Leadership Tips from Orlagh Hunt, Founder of Human Leadership Consulting

Leadership Tips from Orlagh Hunt, Founder of Human Leadership Consulting
Lorraine Bolger   by Lorraine Bolger. Published: 07/08/2018

A little bit about myself:

I grew up in Kilkenny the oldest of 5 so my leadership development started early!! I studied Law but realised leadership was more my scene and so progressed a career in HR from there. I have worked in a number of industry sectors including Retail, FMCG and Financial Services. Most recently I was the Chief People Officer for AIB. During my time at AIB, I was part of the Leadership team that led the transformational change across the business and returned the bank to profit, delivered the single biggest increase in employee engagement over a 2-year period of any Gallup client based in Europe.

Prior to that role, I was Group HR and Customer Director for RSA. In this role, I was responsible for the People Agenda across 30 countries worldwide. I was part of the Executive team that delivered consistent profits; 8% average annual growth in tough economic conditions. I built a strong, global, talented; highly engaged HR leadership team and achieved world-class employee engagement within 3 years as measured by Gallup. Under my leadership, RSA achieved 6th place in The Sunday Times 25 Best Big Companies to Work for in 2012 in the first year of entry.

Outside of work I am kept busy raising three young children and dog by the sea in Killiney. I attempt to keep myself grounded by pounding the pavements as a keen running enthusiast.

My tips on building a strong quality culture within this industry…

Culture starts with leadership in my view. It’s the tone that’s set from the top and the quality of the leaders at all levels in the business. Trust is a good indicator of how healthy the culture is in a business. According to a recent HBR article The Neuroscience of Trust by Paul J. Zak, studies have shown that compared with people at low-trust companies, people at high-trust companies report: 74% less stress, 106% more energy at work, 50% higher productivity, 13% fewer sick days, 76% more engagement, 29% more satisfied with their lives, 40% less burnout.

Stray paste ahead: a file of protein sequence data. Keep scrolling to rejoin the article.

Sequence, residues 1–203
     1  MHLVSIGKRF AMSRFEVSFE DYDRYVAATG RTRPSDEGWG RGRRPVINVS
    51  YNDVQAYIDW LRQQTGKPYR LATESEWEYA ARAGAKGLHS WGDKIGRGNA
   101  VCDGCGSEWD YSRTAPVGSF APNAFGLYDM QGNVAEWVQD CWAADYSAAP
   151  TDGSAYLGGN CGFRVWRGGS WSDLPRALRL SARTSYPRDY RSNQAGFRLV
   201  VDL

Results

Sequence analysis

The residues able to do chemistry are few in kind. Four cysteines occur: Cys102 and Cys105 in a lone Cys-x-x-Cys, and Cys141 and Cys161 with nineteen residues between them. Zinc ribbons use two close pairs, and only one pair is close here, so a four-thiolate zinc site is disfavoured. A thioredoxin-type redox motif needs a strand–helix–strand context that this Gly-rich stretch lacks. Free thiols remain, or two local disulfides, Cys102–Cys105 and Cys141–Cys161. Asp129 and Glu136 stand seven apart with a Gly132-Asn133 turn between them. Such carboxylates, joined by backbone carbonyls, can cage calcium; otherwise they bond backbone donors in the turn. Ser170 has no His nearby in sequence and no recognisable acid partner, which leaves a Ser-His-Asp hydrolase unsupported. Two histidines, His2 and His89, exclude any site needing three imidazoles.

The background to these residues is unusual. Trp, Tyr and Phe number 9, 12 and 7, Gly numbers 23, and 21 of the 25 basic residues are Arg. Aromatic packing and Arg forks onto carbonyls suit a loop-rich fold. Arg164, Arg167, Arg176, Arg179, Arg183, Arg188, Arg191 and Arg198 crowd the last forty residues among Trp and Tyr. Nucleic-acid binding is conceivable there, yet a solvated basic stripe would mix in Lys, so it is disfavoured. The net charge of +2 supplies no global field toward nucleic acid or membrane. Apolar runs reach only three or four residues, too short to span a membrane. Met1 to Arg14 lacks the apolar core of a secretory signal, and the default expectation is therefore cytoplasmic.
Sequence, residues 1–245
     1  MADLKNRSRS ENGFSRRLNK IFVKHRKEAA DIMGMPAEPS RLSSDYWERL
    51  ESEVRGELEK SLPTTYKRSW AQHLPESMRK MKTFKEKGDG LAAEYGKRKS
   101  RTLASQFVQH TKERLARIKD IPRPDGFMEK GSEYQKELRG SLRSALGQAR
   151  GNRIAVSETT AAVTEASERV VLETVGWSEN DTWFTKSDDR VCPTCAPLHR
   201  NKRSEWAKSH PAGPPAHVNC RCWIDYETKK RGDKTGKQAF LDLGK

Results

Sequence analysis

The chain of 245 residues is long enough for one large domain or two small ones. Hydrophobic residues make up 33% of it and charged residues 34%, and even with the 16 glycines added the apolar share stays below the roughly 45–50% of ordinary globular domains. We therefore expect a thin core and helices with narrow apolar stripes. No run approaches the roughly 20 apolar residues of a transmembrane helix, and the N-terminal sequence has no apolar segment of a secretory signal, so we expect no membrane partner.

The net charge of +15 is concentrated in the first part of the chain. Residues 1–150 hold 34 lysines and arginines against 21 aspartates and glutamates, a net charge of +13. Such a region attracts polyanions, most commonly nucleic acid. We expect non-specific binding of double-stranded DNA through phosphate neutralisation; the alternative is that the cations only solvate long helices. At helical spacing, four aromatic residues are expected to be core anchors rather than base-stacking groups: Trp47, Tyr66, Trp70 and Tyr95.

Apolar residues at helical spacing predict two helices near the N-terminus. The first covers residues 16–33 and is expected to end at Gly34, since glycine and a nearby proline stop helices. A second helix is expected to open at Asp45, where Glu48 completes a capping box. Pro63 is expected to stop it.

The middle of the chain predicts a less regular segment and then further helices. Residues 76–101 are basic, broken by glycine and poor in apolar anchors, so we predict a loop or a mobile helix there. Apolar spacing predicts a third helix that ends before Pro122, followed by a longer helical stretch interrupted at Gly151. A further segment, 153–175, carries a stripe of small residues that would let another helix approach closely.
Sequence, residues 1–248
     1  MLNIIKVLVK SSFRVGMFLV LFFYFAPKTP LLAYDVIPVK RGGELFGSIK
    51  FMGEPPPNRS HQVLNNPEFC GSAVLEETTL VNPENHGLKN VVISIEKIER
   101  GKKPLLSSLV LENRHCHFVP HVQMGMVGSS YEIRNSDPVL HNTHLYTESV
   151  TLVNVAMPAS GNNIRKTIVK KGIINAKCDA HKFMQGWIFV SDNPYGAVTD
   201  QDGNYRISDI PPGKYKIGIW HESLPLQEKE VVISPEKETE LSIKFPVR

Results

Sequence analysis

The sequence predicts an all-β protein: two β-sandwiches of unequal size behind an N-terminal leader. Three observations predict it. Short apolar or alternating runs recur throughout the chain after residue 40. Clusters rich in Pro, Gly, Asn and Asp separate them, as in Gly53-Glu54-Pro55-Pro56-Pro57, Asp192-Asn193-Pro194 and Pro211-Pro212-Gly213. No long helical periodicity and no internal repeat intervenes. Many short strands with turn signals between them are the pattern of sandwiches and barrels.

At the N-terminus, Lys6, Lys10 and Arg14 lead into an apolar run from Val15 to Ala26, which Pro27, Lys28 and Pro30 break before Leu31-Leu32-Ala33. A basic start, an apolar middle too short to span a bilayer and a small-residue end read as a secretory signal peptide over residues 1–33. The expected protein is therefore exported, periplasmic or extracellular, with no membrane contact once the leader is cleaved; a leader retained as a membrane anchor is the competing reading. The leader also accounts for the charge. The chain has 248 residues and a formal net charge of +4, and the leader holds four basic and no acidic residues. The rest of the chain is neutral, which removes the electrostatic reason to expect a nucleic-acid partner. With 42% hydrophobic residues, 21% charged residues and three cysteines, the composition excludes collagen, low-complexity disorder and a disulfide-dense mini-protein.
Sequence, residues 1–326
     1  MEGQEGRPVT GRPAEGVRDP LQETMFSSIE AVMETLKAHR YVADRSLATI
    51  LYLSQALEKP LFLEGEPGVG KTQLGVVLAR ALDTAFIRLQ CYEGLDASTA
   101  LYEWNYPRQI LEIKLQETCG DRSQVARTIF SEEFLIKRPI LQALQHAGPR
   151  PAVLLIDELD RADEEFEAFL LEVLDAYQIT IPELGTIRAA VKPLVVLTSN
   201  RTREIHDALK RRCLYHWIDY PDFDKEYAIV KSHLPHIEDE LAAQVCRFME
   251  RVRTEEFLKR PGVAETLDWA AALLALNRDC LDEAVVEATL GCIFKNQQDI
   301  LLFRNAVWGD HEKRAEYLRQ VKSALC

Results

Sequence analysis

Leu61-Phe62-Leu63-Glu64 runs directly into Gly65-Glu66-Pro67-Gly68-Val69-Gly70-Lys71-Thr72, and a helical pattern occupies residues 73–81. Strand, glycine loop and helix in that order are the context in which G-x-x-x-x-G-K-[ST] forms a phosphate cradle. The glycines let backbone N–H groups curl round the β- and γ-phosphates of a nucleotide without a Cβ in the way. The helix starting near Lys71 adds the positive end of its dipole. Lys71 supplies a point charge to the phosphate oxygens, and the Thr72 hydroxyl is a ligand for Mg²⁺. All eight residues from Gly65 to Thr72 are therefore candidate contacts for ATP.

There are many ways that leaders can build trust but the 3 most impactful ways are 1) recognize excellence. Catch people doing great work rather than dwell on what’s not working. Recognition has the largest effect on trust when it occurs immediately after a goal has been met, when it comes from peers, and when it’s specific, unexpected, personal, and public.

A second big tip is to share information broadly. Only 40% of employees report that they are well informed about their company’s goals, strategies, and tactics according to Gallup. When there is a void individuals and leaders fill it but often not with what the organization would want to have to circulate!

The third area is treating people as human beings, it sounds really obvious but somehow at work, we often get the message that we should focus on completing tasks, not on making friends! Whereas the opposite is true a recent Google study found that managers who “express interest in and concern for team members’ success and personal well-being” outperform others in the quality and quantity of their work.

My secret to driving change through challenging times…